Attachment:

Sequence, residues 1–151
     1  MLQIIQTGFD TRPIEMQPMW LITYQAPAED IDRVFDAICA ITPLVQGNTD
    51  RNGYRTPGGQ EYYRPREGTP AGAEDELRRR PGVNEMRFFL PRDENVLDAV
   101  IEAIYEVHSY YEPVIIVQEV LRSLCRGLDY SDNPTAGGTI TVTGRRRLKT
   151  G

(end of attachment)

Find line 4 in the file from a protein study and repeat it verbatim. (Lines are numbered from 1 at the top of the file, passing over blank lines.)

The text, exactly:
   101  IEAIYEVHSY YEPVIIVQEV LRSLCRGLDY SDNPTAGGTI TVTGRRRLKT